Over the years, I’ve gotten used to games walking me through the mechanics at the onset, and making it overwhelmingly clear what my next move should be, or at the very least providing me with means to acquire that information. When a modern game simply begins, it’s usually because the developers have made that choice for effect, as when Braid thrusts players in the midst of a developing story. In The Legend Of Zelda, there aren’t really mechanics to speak of—just two buttons and an inventory available by pressing start—and the opening credits reveal the slim backstory before the game even begins. The Legend Of Zelda is much like every other game from around that time, in that there aren’t many steps between picking up the controller and actually playing the game. The first thing you do is walk into a cave, where an old man says, “It’s dangerous to go alone! Take this” before handing you a sword. And…you’re off. (The ominously simple intro has inspired some parodies.)
Wracking my brain best I could, I made my way to the first dungeon, and swashbuckled (if you call pushing a sword forward “swashbuckling”) my way past the boss and onto the first piece of the Triforce. Then it came time to find level two, and I froze. I could remember bits and pieces about other dungeons—the one in the mountains, the one across the lake you need the raft to reach—but nothing about this one. It was time to abandon any previous knowledge and attempt to do this on my own, like I was playing the game for the first time. I’ve been playing videogames for year. How hard could it be?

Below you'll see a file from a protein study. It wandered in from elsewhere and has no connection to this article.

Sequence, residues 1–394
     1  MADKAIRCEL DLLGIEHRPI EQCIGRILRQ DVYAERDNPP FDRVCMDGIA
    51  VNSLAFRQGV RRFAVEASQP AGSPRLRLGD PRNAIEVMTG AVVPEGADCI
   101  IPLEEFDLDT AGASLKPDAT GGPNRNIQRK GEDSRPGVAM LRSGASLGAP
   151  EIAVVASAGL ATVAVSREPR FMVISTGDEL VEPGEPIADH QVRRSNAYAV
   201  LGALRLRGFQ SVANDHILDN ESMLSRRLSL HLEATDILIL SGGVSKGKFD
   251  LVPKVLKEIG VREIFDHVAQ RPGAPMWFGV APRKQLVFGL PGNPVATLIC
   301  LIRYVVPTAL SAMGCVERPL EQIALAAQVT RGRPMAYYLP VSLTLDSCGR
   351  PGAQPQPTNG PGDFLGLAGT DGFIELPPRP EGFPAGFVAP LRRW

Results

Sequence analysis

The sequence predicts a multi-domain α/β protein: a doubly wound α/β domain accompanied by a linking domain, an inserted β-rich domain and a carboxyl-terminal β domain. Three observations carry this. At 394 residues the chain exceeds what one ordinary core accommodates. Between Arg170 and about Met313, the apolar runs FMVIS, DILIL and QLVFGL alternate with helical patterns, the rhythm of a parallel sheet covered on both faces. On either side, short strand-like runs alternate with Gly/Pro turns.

Very. I wandered around for an entire day looking for level two, and I didn’t find squat. At first I killed every enemy I came across, gathering precious rupees for future spending sprees, but eventually I gave up on that approach, settling for wandering the mean streets of Hyrule—with its many lakes and massive graveyard—in desperate search of level two. I’d turn a corner I thought would lead me to a new place, only to discover it was the same screen I’d been on a few minutes earlier, just the other side of it. There were a few times I walked back and forth as if to say, “I’ve gone a little nuts.” Then, just when I thought I’d given up hope, I saw the familiar archway of a dungeon entrance, which I hurriedly ran through and found myself… in level three.
There’s no real map to speak of in the overworld of The Legend Of Zelda; there’s just a gray rectangle in the upper-left-hand corner of the screen, with a flashing dot to indicate where you are. If I want to even vaguely remember the location of that cave I need to reach much later, I have to mark its location in my head. Link is given precious little information about his surroundings; you have to go out and actually experience them in their 8-bit glory in order to keep everything straight. No wonder this game was so immersive. If I wanted to survive, I had to give over 100 percent of my brainspace.